There are exceptions. The legislation establishing the Office for Budget Responsibility (OBR) gave the Treasury Select Committee a veto over the appointment of the chair and members of the Budget Responsibility Committee 36 UK Parliament, Budget Responsibility and National Audit Act 2011, enacted 22 March 2011, retrieved 16 February 2022, www.legislation.gov.uk/ukpga/2011/4/contents/enacted , in a move designed to underline the OBR’s independence. In the case of parliamentary bodies – like the National Audit Office, parliament leads the process of appointing the chair and the appointment is jointly made by the prime minister and the chair of the Public Accounts Committee.
Can ministers appoint anyone they want to public roles?
Ministers should comply with the principles and processes for public appointments set out in the Governance Code, but otherwise are free to appoint who they want – but they are accountable to parliament for the appointments they make.
Who decides how much public appointees get paid?
Ministers. Pay varies enormously between public bodies. A few chairs and chief executives are paid well in excess of the prime minister’s salary, while many others are unpaid or paid nominal amounts.
Can public appointees be sacked by ministers?
Yes. The Governance Code establishes a presumption that chairs serve a maximum of two terms or 10 years, and often ministers will simply make a change when a chair’s term ends. But ministers can also dismiss chairs of public bodies. The exception, again, is the OBR, where the consent of the Treasury Select Committee is needed if the chancellor decides to dismiss the chair or a member of the Budget Responsibility Committee.
Does politics play a role in appointments?
Candidates are required to declare political activity, that is candidacy for, employment by or donations to a political party, but it is not a barrier to appointment. A minority of public appointees declare that they are politically active – the latest OCPA report says that of those who answered the question on political activity, only 6.2% of those appointed or reappointed in 2020/21 declared any such activity.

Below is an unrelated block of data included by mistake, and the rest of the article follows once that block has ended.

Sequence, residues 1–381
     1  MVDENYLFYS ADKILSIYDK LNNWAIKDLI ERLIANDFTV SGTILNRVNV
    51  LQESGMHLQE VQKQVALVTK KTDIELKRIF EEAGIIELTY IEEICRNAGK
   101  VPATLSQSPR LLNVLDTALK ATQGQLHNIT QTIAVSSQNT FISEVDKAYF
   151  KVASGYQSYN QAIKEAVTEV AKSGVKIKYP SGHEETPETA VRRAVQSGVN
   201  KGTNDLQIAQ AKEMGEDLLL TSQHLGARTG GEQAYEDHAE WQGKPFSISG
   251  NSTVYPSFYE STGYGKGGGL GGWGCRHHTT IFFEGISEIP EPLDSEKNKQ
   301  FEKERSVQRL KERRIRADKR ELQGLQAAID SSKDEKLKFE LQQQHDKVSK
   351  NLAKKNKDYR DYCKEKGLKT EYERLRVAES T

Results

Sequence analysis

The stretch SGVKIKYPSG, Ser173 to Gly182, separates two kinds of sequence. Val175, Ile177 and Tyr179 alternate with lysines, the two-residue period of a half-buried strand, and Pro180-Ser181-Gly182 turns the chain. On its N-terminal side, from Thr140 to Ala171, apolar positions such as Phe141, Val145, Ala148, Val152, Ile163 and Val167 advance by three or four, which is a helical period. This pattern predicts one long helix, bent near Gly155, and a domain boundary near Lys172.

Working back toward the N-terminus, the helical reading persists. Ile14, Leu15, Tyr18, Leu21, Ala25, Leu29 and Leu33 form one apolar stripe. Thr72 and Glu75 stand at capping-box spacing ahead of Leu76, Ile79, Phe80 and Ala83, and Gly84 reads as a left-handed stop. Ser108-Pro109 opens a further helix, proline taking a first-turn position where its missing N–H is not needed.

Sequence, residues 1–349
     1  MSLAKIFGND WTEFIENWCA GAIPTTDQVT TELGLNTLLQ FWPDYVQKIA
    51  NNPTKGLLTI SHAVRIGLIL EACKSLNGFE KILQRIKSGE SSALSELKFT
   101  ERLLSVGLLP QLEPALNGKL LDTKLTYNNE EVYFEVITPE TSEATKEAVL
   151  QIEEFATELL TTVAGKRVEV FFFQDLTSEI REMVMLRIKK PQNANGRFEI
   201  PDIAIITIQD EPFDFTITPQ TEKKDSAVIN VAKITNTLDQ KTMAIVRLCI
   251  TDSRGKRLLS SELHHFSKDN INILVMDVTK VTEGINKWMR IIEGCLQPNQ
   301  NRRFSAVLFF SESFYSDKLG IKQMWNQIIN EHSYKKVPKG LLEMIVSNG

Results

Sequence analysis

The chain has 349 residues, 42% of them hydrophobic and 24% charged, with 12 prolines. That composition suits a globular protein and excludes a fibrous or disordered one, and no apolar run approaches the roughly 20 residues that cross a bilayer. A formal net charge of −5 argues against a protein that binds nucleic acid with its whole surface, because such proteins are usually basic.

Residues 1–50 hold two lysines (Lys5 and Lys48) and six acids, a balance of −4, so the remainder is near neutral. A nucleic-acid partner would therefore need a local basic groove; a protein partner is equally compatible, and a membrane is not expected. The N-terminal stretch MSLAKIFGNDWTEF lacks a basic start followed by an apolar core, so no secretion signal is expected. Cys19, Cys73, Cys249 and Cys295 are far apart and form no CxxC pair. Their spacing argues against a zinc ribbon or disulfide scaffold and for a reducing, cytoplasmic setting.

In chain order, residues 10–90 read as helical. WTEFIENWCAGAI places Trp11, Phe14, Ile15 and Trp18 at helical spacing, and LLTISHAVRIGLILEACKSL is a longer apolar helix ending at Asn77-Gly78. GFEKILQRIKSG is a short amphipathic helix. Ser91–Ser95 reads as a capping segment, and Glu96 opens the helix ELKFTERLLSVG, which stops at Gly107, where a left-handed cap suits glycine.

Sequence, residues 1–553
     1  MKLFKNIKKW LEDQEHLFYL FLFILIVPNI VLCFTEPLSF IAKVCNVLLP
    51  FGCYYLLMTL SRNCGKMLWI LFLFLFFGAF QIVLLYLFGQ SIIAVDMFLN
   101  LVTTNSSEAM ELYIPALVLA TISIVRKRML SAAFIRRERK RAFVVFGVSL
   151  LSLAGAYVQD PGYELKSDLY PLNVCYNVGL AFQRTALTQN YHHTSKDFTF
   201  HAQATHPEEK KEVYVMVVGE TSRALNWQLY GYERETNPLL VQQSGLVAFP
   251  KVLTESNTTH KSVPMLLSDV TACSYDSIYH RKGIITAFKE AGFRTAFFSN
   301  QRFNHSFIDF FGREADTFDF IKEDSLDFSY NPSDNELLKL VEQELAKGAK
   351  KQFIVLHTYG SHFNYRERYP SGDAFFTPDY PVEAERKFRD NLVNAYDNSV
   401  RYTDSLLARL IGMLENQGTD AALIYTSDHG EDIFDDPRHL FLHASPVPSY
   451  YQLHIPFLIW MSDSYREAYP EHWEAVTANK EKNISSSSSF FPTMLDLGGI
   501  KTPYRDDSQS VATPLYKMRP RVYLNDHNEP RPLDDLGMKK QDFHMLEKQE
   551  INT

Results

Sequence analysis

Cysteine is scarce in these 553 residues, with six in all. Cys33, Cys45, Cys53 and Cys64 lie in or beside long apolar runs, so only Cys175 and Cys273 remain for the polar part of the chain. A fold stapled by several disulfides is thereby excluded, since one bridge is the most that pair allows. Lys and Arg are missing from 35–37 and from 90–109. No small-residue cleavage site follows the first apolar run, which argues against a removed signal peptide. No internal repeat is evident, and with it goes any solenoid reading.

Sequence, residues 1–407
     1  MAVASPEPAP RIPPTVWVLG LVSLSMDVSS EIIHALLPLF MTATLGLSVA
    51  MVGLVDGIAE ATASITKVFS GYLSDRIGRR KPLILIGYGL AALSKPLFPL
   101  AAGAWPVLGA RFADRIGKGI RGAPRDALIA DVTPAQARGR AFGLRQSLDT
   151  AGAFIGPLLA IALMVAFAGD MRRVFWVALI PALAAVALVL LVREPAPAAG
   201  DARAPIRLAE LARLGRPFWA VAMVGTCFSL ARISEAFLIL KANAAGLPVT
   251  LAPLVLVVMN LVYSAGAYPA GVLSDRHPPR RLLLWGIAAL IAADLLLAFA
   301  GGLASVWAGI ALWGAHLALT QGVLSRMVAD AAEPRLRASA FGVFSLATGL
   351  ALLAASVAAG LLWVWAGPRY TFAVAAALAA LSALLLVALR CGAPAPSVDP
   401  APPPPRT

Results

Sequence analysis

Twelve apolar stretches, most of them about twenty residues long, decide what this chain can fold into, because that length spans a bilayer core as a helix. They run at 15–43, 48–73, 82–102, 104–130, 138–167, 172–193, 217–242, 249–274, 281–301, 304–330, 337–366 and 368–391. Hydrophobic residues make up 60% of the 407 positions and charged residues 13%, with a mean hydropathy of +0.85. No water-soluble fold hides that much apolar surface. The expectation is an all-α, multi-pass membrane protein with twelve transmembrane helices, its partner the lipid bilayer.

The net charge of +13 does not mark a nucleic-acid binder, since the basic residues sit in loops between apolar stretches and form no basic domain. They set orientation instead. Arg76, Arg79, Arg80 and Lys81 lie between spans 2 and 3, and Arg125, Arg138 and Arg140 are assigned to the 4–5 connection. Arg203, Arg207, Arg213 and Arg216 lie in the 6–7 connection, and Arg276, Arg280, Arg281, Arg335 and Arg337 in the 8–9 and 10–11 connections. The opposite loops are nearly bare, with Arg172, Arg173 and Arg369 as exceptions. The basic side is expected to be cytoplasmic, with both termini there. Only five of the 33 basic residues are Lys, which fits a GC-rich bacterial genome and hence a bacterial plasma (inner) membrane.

However, for the first time since 2012/13, there were more politically active public appointees from the Conservative Party than from Labour. This trend was particularly striking among new chairs appointed: of those who declared themselves to be politically active, eight out of nine were Conservatives.
How diverse are public appointees?
Improving the diversity of public boards has been a major focus for successive governments. Diversity is monitored by the commissioner for public appointments.
The most recent data from the commissioner showed that in 2020/21:
- 9.6% of public appointees were from ethnic minorities, compared with 12.9% of the economically-active population
- 45.1% were women, compared with 47.8% of the economically-active population
- 6.6% were disabled (in 2019/20), compared with 14.3% of the economically-active population
- 64.8% lived outside London and the South East, compared with 67.6% of the economically-active population.